Nurturing, practical and refreshingly honest that one-size doesn’t fit all and no-one is a perfect parent, Sarah Beeson’s advice is the perfect companion to parenthood. Get your copy now.

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Join us on Facebook Live at 8pm on Tuesday 29 August and enter to win BabyCup and Happy Baby, Happy Family.

Who are you today, mummy?

Author and mum Amy Beeson shares her experiences of looking after a child over the summer holidays whilst launching a new book with workingmums

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After publishing three books with HarperCollins, running my own business and doing the school run I’ve learnt that women maybe multitaskers but focusing on what you want to achieve most of all each day and feeling fulfilled by small achievements is what success looks like for me. Book sales and client wins are fantastic but they’re intangible and can sometimes leave you feeling a bit flat. Focusing on putting on a great book event one day and then making pancakes with my daughter the next morning feels more real than striving for an end goal since I left the corporate world.

The corporate world is playing catch up; they talk about flexible working but we’re actually doing it.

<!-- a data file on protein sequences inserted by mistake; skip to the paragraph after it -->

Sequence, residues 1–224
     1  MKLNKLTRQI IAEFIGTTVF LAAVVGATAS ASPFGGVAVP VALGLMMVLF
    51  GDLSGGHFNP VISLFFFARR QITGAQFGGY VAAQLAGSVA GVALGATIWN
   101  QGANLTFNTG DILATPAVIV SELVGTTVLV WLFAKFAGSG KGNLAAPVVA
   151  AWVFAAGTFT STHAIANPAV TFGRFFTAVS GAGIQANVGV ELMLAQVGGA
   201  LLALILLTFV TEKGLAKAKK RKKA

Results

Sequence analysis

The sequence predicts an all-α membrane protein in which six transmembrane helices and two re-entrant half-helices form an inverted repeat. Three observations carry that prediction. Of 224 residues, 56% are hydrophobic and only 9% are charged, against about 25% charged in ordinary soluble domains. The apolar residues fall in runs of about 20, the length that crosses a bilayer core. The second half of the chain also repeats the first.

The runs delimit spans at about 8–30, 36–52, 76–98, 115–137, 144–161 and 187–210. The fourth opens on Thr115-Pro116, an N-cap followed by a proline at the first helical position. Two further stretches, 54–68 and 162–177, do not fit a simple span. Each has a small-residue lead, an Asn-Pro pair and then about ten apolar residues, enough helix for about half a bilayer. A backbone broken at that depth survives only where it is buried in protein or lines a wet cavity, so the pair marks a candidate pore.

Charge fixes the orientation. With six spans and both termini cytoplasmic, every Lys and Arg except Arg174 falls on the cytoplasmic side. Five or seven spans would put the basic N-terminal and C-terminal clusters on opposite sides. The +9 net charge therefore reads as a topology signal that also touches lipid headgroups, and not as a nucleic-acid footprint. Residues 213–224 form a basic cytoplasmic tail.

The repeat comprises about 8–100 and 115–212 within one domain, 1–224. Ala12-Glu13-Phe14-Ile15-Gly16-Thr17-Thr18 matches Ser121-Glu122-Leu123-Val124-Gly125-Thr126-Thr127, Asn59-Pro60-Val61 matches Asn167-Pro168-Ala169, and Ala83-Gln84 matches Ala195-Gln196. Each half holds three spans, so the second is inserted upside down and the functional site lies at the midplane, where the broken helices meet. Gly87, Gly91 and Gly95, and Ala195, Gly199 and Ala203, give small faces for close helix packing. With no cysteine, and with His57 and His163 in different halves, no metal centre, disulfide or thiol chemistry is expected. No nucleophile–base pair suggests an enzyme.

I did find pregnancy and the return to work challenging because becoming a mum changed me. It changed my relationship with work. I love my job but I’ve got at least three full time jobs (I’m a mum, an author and business owner) but I can’t be all three at the same time, not in the way I want to. I ask myself who am I right now? Over the holidays I was a mum all of the time and an author most of the time, because our new book Our Country Nurse was published and my daughter was off school. There wasn’t much space for client work but that’s OK because most of my clients were away.

For me the biggest challenge is still trying to be present in what I’m doing. Not letting mummy guilt creep in whilst I’m writing and not thinking about emails when I’m with my daughter. And it never gets any easier, it’s never going to not be busy. What I’ve discovered over the last few years is that I need to take responsibility for feeling in control.

I’ve learnt so much by connecting with other mums about what works for them and I’ve discovered that being great at your job doesn’t mean you have to work all the time. I work best in bursts of about two hours – I can get a lot done in those two hours! Then it makes complete sense to go for quick walk, eat something nice, or do some yoga – that’s not slacking; it’s giving my mind and body some sustenance so when I come back to do another two hour burst of writing or client consultations I’m at my optimum.

When you’re in an corporate environment most of the time you have to follow someone else’s rules whether they work for you or not. I get to take a fresh look at each day and ask myself what I need to achieve and how best to set myself up to succeed. Flexible working enables you to pick the time and place that means you always do your best work.

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My mum is probably the kindest colleague I’ll ever have. Whoever you work with be a kind boss to yourself.